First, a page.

Each week throughout the regular season, NHL Network and ESPN analyst Kevin Weekes will be offering his pluses and minuses for teams playing in key games.
The NHL season is back and begins with a great doubleheader. First, the Pittsburgh Penguins visit the two-time defending Stanley Cup champion Tampa Bay Lightning on Tuesday (7:30 p.m. ET; ESPN), and then the expansion Seattle Kraken play their first regular-season game, at the Vegas Golden Knights (10 p.m. ET; ESPN).
Here’s my breakdown of the games.
Pluses: The Penguins got a big boost this weekend when captain Sidney Crosby skated for the first time since offseason wrist surgery. The center is expected to miss the first week of the regular season but could be back soon after. We know how different a team the Penguins are when he is in the lineup and when he isn’t.
Although goalie Tristian Jarry struggled in the Stanley Cup Playoffs last season (3.18 goals-against average, .888 save percentage), I expect him to play like he did in the regular season (25-9-3, 2.75 GAA, .909 save percentage). He along with Casey DeSmith should again form one of the better goaltending teams in the NHL, with either capable of grabbing hold of the job and running with it.
Minuses: In addition to Crosby, Evgeni Malkin (knee surgery) will be out for at least two months. That likely means Jeff Carter will be the first-line center to start the season and someone will need to step up in that role on the second line. We know Jake Guentzel and Bryan Rust always contribute offensively, but others will need to as well.
The Penguins will need to stay out of the penalty box as much as possible. They ranked 27th in the NHL on the penalty kill last season (77.4 percent) but had Crosby and Malkin to bail them out offensively. Pittsburgh has made the playoffs for 15 straight seasons but has not advanced past the second round since winning their second straight Stanley Cup in 2017, so you can bet the players want to prove they still can contend for the Cup.
Tampa Bay Lightning
Pluses: The biggest positive for the Lightning is that they are healthy. Victor Hedman had offseason knee surgery, Steven Stamkos missed part of last season with a lower-body injury, and Nikita Kucherov didn’t play the entire regular season after hip surgery. All played every game in the playoffs and helped Tampa win the Cup for the second straight season.
In addition to those three, having Brayden Point, who has led the NHL in goals each of the past two postseasons (14 in 23 games each year), and Andrei Vasilevskiy, who is the best goalie in the world, helps too. The Lightning also made some key additions this offseason, signing forwards Corey Perry and Pierre-Edouard Bellemare, and goalie Brian Elliott.
Minuses: There aren’t that many negatives, but they did lose their entire third line this offseason. Blake Coleman signed with the Calgary Flames, Barclay Goodrow was traded to the New York Rangers, and Yanni Gourde was selected by the Kraken in the 2021 NHL Expansion Draft. Those are three hard players to replace.
The Lightning have played more games than any other team over the past two seasons. That includes 48 playoff games, seven more than the next-closest team, the New York Islanders. We’ve yet to see it, but with this season expected to be a full 82-game schedule for the first time since 2018-19, the fatigue could show after the two grueling Cup runs.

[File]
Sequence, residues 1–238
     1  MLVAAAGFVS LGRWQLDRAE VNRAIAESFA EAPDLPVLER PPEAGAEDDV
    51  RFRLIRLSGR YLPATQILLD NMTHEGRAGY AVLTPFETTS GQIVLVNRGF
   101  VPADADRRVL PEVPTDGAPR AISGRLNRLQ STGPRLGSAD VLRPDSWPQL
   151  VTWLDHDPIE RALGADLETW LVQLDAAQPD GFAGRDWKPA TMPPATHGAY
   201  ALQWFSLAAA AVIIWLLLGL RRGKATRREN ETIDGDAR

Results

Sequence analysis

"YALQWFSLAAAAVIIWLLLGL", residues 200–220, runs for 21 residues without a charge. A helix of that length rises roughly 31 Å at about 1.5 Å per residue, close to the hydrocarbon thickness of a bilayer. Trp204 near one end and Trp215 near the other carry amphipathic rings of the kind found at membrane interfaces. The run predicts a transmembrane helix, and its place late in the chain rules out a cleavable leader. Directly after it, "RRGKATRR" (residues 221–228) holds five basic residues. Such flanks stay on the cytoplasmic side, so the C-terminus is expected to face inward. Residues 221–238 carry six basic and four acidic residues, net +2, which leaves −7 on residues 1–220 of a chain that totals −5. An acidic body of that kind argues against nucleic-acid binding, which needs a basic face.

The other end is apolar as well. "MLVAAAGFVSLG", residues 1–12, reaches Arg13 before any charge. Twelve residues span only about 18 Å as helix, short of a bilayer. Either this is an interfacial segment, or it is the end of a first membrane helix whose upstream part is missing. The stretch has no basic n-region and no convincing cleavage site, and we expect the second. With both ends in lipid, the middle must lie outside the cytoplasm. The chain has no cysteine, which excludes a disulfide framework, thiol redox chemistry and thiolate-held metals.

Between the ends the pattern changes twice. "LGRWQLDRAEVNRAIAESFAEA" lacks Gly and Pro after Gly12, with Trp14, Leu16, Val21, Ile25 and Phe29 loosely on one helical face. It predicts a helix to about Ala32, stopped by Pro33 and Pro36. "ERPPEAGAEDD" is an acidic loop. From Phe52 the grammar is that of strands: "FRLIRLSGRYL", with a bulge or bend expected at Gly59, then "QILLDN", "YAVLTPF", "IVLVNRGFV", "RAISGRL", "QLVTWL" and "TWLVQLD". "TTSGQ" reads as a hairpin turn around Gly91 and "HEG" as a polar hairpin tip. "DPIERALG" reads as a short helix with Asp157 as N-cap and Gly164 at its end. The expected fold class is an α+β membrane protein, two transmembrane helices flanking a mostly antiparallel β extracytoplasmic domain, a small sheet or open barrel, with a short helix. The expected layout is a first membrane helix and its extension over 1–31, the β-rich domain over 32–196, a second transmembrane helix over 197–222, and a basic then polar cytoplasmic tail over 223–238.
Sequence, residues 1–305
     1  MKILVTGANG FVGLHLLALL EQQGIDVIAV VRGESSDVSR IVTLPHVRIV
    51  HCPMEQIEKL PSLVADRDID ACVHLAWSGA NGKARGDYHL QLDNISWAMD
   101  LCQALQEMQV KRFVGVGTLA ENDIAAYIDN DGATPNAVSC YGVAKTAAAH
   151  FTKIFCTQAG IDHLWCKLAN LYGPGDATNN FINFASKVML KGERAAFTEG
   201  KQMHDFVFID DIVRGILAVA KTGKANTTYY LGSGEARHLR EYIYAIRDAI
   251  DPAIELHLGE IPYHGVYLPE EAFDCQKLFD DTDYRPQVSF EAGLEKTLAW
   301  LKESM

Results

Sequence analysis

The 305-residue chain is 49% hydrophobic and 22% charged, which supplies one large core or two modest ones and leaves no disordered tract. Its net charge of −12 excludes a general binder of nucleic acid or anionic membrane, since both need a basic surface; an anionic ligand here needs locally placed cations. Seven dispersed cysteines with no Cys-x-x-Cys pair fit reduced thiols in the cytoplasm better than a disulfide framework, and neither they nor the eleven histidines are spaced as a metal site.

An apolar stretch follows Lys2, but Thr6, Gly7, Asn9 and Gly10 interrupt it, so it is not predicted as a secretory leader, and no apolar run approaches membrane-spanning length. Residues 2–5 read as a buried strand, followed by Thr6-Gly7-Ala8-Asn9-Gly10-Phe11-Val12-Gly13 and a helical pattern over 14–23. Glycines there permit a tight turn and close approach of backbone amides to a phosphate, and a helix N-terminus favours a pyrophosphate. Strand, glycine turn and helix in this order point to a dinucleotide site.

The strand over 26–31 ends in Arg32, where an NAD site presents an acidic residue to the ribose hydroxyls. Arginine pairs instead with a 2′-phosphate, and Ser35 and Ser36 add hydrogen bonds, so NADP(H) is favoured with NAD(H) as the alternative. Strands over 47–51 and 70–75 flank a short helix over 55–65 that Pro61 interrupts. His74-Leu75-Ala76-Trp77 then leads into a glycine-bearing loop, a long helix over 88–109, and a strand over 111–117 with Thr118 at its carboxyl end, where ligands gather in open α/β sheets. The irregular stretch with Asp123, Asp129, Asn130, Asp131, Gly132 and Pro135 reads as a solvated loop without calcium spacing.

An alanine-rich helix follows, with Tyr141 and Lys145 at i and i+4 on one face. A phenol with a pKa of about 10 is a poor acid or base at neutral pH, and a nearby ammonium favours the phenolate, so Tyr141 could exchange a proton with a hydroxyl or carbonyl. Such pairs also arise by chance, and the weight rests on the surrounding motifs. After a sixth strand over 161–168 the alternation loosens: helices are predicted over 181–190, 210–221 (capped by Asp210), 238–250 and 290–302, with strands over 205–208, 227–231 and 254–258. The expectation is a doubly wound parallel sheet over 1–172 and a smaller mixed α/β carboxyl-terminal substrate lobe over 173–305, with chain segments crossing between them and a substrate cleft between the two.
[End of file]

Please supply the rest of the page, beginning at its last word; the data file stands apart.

Pluses: The Kraken went out and made a splash in free agency, and it was capped with signing Philipp Grubauer to a six-year contract. He was a finalist last season for the Vezina Trophy, awarded to the best goalie in the NHL, and had a great preseason. Grubauer allowed five goals in four preseason games (1.76 GAA, .932 save percentage), including a 38-save shutout in his last appearance, a 4-0 win against the Vancouver Canucks on Oct. 6. He and backup Chris Driedger will give the Kraken a chance to win every game.
The Kraken also signed forwards Jaden Schwartz, Alex Wennberg and Marcus Johansson to go along with veteran leaders Mark Giordano, Jordan Eberle and Adam Larsson, who were selected in the expansion draft. And then there’s Gourde, a two-time Stanley Cup winner with Tampa Bay.
Minuses: As an expansion team, they only had training camp and a handful of preseason games to get acquainted on and off the ice, and it could take a while before lines and defense pairs settle in. And they open the season with five road games in eight days before their home opener against the Vancouver Canucks at Climate Pledge Arena on Oct. 23.
Vegas Golden Knights
Pluses: Since their inaugural season in 2017-18, they’ve made the playoffs each season and advanced to at least the third round three times. That success has made anything short of a championship unacceptable. With Marc-Andre Fleury traded to the Chicago Blackhawks, Robin Lehner will finally get his chance to be a true No. 1 goalie. He has earned it and he should excel in the role.
Forwards Max Pacioretty and Mark Stone bring it every shift, and you always know what you’re going to get from them. Defensemen Alex Pietrangelo is healthy, and Alec Martinez was re-signed to a three-year contract.
Minuses: In addition to Fleury, Ryan Reaves is no longer with Vegas, traded to the New York Rangers on July 29. That’s two faces of the franchise no longer there. Reaves will be replaced by Keegan Kolesar on the fourth line, but it will be hard to replicate everything he brought to the lineup.
The Golden Knights acquired forwards Nolan Patrick and Brett Howden in trades, but it is still without a true No. 1 center. Chandler Stephenson will play there to start the season, but that is one spot they could stand to upgrade. Plus, with all their talent, it’s hard to understand why they ranked 22nd in the NHL on the power play last season (17.8 percent).